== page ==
Thanks for the comment, Mark. I’ve never actually read any Anne Rice, which obviously is something I need to correct at the earliest opportunity.

  • Blaine Davis
    Reply

    Love this blog, Ken. It’s been many years since I read Salem’s Lot and my memory of the details is foggy. But I’m a huge King fan and I mostly agree with your assessment of some of his other books. I read Dracula when I was a very young and I judge most vampire books by that standard. I do love humour thrown in so Christopher Moore (author from my hometown of San Francisco) has a hilarious Vampire trilogy starting with “Bloodsucking Fiends – A Love Story” which I absolutely adored. Much as I loved season one of Joe Coffin. I bought season two as soon as I finished it but haven’t started it yet. I reviewed season one on Amazon and Good reads. (spoiler alert – it is GORETASTIC!) Hope this is the start of a long & rewarding (for us both) author/fan relationship. Keep up the great work! (PS – I’m already on your email list so don’t add me again – I hate getting double emails – thank you)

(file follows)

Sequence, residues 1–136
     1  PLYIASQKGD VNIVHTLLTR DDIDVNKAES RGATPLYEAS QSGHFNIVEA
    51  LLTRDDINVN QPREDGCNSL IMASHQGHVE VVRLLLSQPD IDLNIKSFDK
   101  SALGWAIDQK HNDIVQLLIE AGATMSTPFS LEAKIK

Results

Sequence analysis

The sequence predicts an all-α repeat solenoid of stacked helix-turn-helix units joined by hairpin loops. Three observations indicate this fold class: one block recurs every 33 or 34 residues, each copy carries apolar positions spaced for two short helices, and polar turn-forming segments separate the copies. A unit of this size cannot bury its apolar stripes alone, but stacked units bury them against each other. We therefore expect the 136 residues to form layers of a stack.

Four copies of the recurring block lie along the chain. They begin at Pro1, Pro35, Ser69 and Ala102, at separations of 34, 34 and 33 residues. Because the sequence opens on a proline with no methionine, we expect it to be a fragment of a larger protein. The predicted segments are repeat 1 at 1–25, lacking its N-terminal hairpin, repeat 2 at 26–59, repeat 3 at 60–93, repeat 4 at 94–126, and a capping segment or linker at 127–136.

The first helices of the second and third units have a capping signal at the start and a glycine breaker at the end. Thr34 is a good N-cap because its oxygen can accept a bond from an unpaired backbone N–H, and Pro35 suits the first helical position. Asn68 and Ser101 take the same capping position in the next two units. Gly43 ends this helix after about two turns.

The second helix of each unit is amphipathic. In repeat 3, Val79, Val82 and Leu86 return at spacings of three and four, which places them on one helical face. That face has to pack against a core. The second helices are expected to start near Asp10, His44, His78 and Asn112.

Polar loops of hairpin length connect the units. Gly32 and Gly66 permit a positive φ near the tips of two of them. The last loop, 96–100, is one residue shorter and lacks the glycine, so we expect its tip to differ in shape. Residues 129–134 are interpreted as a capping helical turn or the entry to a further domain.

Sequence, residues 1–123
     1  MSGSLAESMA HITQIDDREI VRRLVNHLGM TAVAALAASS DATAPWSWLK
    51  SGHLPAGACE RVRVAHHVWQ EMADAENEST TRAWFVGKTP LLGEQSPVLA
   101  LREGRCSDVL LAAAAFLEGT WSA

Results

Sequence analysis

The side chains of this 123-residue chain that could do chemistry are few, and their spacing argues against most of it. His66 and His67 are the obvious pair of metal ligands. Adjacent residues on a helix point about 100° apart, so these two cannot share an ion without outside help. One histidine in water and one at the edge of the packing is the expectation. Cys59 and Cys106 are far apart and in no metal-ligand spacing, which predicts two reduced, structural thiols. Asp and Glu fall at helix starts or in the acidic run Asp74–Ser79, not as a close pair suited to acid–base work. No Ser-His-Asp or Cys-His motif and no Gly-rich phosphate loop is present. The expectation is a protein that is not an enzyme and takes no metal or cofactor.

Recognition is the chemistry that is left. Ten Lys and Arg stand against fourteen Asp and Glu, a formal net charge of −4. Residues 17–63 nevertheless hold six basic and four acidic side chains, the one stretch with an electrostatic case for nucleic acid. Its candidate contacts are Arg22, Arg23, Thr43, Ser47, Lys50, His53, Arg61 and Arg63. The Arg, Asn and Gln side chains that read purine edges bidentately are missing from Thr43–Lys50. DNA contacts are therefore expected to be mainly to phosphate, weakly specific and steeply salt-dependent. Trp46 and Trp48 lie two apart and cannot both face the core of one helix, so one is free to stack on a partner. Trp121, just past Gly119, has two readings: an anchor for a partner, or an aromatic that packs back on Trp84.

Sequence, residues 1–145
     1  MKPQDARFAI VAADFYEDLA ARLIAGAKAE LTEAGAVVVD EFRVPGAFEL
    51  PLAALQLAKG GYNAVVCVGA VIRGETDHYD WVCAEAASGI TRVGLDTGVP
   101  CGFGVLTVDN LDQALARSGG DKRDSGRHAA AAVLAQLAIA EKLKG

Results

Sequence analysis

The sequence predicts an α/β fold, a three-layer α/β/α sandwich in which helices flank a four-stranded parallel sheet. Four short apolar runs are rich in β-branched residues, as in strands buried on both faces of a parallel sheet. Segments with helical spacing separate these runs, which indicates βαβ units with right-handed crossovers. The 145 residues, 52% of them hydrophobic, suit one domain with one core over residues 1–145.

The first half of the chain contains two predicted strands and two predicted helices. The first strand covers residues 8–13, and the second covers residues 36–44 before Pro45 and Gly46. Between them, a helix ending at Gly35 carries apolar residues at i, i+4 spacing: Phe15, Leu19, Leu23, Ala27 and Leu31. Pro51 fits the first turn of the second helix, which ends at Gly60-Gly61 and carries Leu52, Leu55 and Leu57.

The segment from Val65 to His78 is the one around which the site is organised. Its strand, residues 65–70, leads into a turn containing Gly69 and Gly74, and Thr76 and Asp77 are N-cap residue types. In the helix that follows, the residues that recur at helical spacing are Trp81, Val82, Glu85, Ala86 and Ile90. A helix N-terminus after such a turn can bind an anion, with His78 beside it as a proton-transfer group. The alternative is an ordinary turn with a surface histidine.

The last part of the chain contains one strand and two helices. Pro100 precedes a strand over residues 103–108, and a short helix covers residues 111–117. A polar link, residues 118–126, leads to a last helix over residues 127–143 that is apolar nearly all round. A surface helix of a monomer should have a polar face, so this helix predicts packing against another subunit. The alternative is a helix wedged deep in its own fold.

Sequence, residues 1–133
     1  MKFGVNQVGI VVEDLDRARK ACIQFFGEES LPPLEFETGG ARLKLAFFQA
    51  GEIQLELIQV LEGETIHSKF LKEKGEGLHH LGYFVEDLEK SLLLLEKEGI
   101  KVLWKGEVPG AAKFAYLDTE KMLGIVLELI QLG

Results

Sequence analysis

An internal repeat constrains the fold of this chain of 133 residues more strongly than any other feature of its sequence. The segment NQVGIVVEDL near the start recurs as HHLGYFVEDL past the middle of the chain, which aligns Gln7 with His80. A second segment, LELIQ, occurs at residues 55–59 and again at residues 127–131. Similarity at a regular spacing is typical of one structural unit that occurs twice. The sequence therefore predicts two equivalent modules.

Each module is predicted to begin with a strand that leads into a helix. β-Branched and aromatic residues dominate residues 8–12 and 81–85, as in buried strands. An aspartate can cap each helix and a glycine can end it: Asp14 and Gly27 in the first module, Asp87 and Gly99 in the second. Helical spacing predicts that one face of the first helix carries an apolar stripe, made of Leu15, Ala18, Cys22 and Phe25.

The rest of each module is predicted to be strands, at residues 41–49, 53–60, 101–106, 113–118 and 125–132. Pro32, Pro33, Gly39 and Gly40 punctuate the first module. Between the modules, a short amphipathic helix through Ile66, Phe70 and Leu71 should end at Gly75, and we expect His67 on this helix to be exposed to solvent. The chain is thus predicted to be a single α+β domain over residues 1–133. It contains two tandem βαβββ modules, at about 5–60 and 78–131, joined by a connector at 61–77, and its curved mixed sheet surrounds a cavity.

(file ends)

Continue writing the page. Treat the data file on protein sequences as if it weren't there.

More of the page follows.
• Ken Preston
      Reply

      Hi Blaine, thank you for your comments, and I’m so pleased you are enjoying Joe Coffin.
      Salem’s Lot is still one of my favourites of King’s. My 13 year old wants to read it but I’m kind of holding off at the moment. Not sure why, as he keeps telling me he knows all about sex and he hears swearing every day at school. But still….he’s my little boy!
      Yes, I also hope this is the beginning of a beautiful friendship (as Humphrey Bogart once said) and don’t worry, I never add anyone to my email list unless they ask me to.
      Thanks for the Moore recommendation too. I’ll check him out.